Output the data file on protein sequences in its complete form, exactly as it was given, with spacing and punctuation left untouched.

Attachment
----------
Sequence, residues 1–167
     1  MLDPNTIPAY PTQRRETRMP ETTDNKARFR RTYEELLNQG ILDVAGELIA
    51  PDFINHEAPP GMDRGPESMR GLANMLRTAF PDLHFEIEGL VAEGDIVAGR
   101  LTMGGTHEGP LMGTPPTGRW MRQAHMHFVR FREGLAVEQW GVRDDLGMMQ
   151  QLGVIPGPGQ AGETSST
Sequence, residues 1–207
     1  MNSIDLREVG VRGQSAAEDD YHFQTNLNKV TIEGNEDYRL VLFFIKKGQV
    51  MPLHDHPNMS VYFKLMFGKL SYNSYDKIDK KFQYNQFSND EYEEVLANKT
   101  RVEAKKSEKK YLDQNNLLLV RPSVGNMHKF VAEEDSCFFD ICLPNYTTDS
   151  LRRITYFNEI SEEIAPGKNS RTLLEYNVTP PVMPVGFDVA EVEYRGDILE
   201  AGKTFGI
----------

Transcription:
Sequence, residues 1–167
     1  MLDPNTIPAY PTQRRETRMP ETTDNKARFR RTYEELLNQG ILDVAGELIA
    51  PDFINHEAPP GMDRGPESMR GLANMLRTAF PDLHFEIEGL VAEGDIVAGR
   101  LTMGGTHEGP LMGTPPTGRW MRQAHMHFVR FREGLAVEQW GVRDDLGMMQ
   151  QLGVIPGPGQ AGETSST
Sequence, residues 1–207
     1  MNSIDLREVG VRGQSAAEDD YHFQTNLNKV TIEGNEDYRL VLFFIKKGQV
    51  MPLHDHPNMS VYFKLMFGKL SYNSYDKIDK KFQYNQFSND EYEEVLANKT
   101  RVEAKKSEKK YLDQNNLLLV RPSVGNMHKF VAEEDSCFFD ICLPNYTTDS
   151  LRRITYFNEI SEEIAPGKNS RTLLEYNVTP PVMPVGFDVA EVEYRGDILE
   201  AGKTFGI